Forme r Bulletin Editor Retires fro m AWS Robert G. Stone, editor of the Bul- letin of the American Meteorological Society from 1935 to 1955, retired from his position as chief of Techni- cal Files for Aerospace Services, Headquarters Air Weather Service, on 31 May 1971, after nearly 28 years of service. His interests in meteorology extended from observing to forecasting and research, and from publications to teaching. In 1956 he was awarded the Charles Franklin Brooks Award for Outstanding Services to the Soci- ety (then known as the Award for Outstanding Ser- vices to the Society) "for his many years of faithful Col. Douglas C. Purdy, Chief of Staff, Hq. Air Weather editorship of the Bulletin of the American Meteoro- Service, presents Robert G. Stone with a certificate of service honoring his retirement as Chief of Technical Files for Aerospace logical Society and his active participation in commit- Services, for almost 28 years of service. (USAF photo). tee and council work." Stone began his meteorological career in 1933 exhaustive bibliography for synoptic meteorologists when he became assistant observer at the Mount which was later incorporated into Jerome Namias's Washington Observatory in New Hampshire and was book Air Mass and Isentropic Analysis. Stone left promoted to observer the next year. During his ten- Blue Hill in 1939 to joi n the School of Tropical Medi- ure at the observatory, he recorded two rare atmo- cine in Puerto Rico. Some of his experiences there spheric phenomena. The first of these was an unusual were later included in his book The Climate of the halo of 24°30' radius recorded during the fall of 1933, Virgin Islands. In 1940 he went to New York Univer- and the second occurred during the great storm of 11- sity as a research associate. 12 April 1934, when the observatory's anemometers recorded wind speeds of 231 mph—a world record at By 1944 Stone was a research assistant in the Re- the time. search Section of the Weather Division of the Army Air Force under the late Dr. Harry Wexler. He trans- In 1935 he began working at the Blue Hill Obser- ferred fro m there to the Scientific Services Section of vatory in Milton, Mass., where he was research as- the Air Weather Service in 1948, where he remained sistant under the late Charles Franklin Brooks (see until his retirement, overseeing the editing and publi- Bulletin, 51, 608-610). During this time he was as- cation of technical documents and the management sistant secretary of the AMS, served on the Interna- of the Headquarters Air Weather Service Library. tional Union of Geodesy and Geophysics Committee on Snow and Ice, edited the biometeorological sec- tion of Bibliographical Abstracts, and compiled an Bull. Amer. Meteor. Soc., 52, 967 The kick off meeting for the 1996/97 year included A new chapter logo was unveiled, which was sent to various presentations of members' experiences over AMS Headquarters for approval. A copy of the logo the summer. These included videos of the AMS broad- will appear in upcoming UNCA news. cast conference in Boston; storm chasing of Hurricane The itinerary for the fall includes various fund rais- Berth a on the Carolina coast; broadcasts from a ers and the following speakers: John Griffiths of Texas student's internship at WHKY , a local cable TV sta- A& M University in October, Paul Jamason of the National Climatic Data Center in November, and tion in nearby Hickory, North Carolina; and a surprise Rodne y Hinson of the GSP-NWS in December. tape of our own "Doc" Ed Brotak doing the TV —Henry Reges. • weather 10 years ago. Many new students attended. Bulletin of the American Meteorological Society 2335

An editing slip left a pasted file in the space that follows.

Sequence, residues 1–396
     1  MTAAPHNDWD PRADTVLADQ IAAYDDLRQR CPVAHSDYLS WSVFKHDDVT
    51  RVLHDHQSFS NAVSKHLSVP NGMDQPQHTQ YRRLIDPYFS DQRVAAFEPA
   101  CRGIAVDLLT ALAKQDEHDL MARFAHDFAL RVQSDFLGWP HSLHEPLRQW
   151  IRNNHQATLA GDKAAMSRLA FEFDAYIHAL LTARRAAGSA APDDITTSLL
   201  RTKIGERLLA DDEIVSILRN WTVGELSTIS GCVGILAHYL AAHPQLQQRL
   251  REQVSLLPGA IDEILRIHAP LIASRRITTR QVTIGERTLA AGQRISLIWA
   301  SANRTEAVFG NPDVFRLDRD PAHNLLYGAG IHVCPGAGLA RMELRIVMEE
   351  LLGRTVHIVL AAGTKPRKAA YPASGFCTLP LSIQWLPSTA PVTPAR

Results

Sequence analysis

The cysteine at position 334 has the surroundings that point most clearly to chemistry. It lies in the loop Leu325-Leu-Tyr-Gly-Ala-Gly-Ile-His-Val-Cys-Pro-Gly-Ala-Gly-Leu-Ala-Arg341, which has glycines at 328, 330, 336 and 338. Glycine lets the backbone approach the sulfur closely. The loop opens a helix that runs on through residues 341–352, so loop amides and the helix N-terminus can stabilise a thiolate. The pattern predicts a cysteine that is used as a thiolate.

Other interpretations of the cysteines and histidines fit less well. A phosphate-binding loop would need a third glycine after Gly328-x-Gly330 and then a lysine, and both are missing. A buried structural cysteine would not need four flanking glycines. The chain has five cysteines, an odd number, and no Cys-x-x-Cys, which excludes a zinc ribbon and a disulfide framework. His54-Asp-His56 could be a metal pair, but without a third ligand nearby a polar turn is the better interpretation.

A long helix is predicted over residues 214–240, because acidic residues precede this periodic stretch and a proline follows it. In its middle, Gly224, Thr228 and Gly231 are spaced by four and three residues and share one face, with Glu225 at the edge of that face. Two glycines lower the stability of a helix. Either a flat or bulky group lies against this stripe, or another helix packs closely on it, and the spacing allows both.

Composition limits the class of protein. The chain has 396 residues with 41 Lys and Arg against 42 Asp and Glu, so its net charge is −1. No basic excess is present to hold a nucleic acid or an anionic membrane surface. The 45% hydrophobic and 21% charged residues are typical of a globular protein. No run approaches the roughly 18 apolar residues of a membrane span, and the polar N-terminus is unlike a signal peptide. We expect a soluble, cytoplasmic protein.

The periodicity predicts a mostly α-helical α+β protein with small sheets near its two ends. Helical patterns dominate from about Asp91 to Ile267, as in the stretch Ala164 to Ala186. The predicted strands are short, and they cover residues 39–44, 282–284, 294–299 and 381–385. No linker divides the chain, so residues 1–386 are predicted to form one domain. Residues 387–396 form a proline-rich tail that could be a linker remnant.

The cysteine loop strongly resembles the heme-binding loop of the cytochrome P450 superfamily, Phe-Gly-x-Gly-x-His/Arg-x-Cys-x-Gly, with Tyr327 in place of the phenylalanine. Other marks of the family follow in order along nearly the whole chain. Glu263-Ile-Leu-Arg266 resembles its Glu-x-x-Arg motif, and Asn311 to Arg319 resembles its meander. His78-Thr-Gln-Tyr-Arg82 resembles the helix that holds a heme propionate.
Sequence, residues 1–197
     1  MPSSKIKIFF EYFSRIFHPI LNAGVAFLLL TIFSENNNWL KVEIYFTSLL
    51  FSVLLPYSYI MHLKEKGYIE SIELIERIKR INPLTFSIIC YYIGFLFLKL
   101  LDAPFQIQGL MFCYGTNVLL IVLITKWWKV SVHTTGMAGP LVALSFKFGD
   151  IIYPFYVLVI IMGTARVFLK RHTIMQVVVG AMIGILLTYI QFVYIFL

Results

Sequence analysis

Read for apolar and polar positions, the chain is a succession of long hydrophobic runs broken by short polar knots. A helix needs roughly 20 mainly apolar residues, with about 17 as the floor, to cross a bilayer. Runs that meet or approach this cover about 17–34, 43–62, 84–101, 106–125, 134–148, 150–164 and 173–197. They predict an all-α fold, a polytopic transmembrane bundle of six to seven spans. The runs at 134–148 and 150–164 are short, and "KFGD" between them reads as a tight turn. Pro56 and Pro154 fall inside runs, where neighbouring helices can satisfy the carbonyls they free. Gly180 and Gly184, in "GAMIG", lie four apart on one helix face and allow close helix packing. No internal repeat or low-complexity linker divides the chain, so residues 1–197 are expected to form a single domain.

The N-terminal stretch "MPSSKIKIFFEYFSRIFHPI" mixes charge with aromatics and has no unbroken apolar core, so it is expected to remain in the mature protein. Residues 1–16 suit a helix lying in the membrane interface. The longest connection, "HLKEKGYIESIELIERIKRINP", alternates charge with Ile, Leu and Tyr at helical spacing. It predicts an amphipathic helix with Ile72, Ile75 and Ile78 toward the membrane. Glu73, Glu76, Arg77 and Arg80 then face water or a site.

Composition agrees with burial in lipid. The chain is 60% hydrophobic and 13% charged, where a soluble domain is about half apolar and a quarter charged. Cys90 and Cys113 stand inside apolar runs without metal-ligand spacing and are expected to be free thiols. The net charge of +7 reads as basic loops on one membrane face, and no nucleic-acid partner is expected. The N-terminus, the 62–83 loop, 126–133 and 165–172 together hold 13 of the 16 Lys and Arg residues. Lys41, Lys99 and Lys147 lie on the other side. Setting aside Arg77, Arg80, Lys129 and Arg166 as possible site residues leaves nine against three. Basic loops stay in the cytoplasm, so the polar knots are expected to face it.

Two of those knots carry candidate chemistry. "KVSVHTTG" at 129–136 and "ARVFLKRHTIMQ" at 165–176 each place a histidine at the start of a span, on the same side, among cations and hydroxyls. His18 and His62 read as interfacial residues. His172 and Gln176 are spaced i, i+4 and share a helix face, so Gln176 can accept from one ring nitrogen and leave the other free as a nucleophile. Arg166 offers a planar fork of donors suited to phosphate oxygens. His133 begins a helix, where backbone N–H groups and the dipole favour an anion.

Bulletin of the American Meteorological Society – American Meteorological Society
Published: Oct 1, 1996
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